The invention may be incorporated into an apparatus for cooperation with an existing opening within a cooling radiator of a vehicle to determine the liquid level in the radiator. The radiator is connected to an electrical power source of the vehicle through the vehicle chassis. The invention incorporates insulator means established relative to the vehicle radiator in a substantially fixed relation. Sensor means is mounted to the insulator for extending into the liquid in the radiator when a sufficient quantity of liquid is contained therein. The sensor means has a plurality of curved surfaces for increasing the surface area of the sensor means. Indicator means interconnects the sensor means with the electrical power source of the vehicle for indicating the level of the liquid contained within the radiator by conductivity through the liquid in contact with the sensor means.
The sensor means may include a first and a second sensor element mounted at a first and a second vertical height in the vehicle radiator. The indicator means may include a first and a second indicator connected in series with the first and second sensor elements, respectively. Switch means, having a first and second position, connects the first sensor element and the first indicator to the electrical power source when the switch is in the first position and connects the second sensor element and the second indicator to the electrical power source when the switch is in the second position. Accordingly, the first and second indicators indicate a cool liquid level and a hot liquid level for the cooling radiator.
The sensor means may include a conductor having a plurality of curved portions interconnected by a plurality of straight portions to provide an increased surface area at a given vertical height in the vehicle radiator. In this way a sufficient quantity of electrical current can be passed through the sensor means by the increased surface area to provide sufficient current for driving an indicator means without current amplification. The sensor means may include a substantially planar conductive element and a plurality of semi-cylindrical elements affixed to the planar element for increasing the surface area of the sensor at a given vertical height in the vehicle radiator.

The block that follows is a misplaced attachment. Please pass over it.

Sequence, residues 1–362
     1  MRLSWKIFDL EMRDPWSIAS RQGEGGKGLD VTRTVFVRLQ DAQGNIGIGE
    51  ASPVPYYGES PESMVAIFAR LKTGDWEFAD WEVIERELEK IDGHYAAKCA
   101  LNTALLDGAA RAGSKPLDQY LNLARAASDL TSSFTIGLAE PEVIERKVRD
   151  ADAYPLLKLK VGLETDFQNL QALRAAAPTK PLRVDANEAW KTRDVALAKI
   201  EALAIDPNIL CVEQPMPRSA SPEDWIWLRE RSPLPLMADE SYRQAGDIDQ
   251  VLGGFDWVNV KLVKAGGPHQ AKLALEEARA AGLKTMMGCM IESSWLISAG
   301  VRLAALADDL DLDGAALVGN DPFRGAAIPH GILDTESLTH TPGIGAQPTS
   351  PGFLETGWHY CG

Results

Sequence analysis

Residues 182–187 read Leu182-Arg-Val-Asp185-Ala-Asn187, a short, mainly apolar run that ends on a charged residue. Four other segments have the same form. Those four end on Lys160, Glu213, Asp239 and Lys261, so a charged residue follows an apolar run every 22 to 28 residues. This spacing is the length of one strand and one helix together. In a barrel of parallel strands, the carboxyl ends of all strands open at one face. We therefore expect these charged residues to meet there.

In another embodiment of the invention, the insulator means may be affixed to the underside of a vehicle radiator filling cap with the sensor means comprising a substantially spring-shaped element extending downwardly into the vehicle radiator. The indicator means may include a meter movement for determining the exact liquid level in the radiator in accordance with the percentage of the sensor means immersed within the liquid of the cooling radiator. Alternatively, the indicator means may include an electro-optical indicator such as a neon or an incandescent bulb or a light emitting diode or the like. The insulator means may be located within the vehicle radiator and established therein by frictional engagement with a portion of the vehicle.